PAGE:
NAS systems are often easier to integrate into existing infrastructure because NAS can be configured like a network share. Besides, these systems are typically slower than SAN and have higher latency, because of additional query mediums and the architecture based on the regular LAN.

Since NAS doesn’t need any particular infrastructure, it is usually cheaper. Moreover, auto-backup, anti-virus protection, file versioning and a lot of other features may be integrated into the OS aboard. These features often come out of the box.

 

Typical NAS infrastructure model

Typical NAS infrastructure model

NAS is a ready-to-go software and hardware bundle, designed to use with multiple users. Both storage systems can be scaled up and down and work with numerous applications and machines types. 

Typical Use Cases

File Server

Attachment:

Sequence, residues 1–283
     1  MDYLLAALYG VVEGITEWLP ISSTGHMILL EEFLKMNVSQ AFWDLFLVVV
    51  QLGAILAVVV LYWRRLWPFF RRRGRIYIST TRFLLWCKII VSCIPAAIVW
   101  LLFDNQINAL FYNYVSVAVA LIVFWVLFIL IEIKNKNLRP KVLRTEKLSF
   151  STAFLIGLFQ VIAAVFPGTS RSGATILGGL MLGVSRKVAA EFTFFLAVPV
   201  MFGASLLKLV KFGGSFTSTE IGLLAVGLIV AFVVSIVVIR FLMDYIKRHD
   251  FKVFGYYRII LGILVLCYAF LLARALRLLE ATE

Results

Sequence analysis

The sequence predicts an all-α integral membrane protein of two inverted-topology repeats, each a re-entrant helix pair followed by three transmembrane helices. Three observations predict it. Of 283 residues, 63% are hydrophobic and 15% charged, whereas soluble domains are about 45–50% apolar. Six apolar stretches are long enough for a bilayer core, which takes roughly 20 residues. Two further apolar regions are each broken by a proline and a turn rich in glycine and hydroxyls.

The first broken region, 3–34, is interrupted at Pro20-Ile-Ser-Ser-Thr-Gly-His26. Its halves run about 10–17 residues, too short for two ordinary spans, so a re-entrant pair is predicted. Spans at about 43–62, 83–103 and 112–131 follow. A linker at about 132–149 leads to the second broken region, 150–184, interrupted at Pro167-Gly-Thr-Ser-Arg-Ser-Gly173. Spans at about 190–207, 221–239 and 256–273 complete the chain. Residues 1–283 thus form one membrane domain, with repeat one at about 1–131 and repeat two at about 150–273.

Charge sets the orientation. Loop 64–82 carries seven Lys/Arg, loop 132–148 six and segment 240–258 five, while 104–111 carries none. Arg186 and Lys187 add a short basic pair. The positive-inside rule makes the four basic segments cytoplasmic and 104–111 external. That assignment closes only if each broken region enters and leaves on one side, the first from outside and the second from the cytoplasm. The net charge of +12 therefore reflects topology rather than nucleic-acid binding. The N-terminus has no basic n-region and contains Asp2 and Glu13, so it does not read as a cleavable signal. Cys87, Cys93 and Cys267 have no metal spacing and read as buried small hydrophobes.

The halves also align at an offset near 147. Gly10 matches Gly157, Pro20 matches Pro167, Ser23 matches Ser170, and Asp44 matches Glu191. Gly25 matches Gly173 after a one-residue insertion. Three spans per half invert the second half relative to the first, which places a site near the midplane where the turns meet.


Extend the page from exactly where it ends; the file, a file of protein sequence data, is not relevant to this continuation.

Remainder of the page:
The basic use of onsite storage is a file server. Here NAS is the first idea you remember, because of built-in multi-user sharing features. Work files can be kept safe thanks to the backup and versioning support. 

SAN and NAS access difference

SAN and NAS access difference

Applications and Databases

There are some apps which need block-level access to the data so that they won’t work on NAS. The main example is Virtual Machine infrastructure, which usually requires a block level storage as the datastore, as they maintain their own file system and features. SAN suits here best, though some NAS can have a special hypervisor interfaces to satisfy its demands.

Database tables and logs are files, so they can be stored at NAS. But network errors and storage OS performance may affect database integrity - you may find detailed recommendations on Microsoft SQL Server Support Blog page. Therefore, SAN fits better for DB engines and the applications with strong latency demands.

Backup and Recovery

We have already mentioned that NAS is a good repository for files and documents. Its OS can also be configured as the backup server or storage endpoint. As far as SAN provide block-level access, the data can be accessed quickly without downloading to the recovery destination. That accelerates disaster recovery and helps to minimize a downtime. We have also described the common challenges and solutions in our Image-based vs. File-level backup article.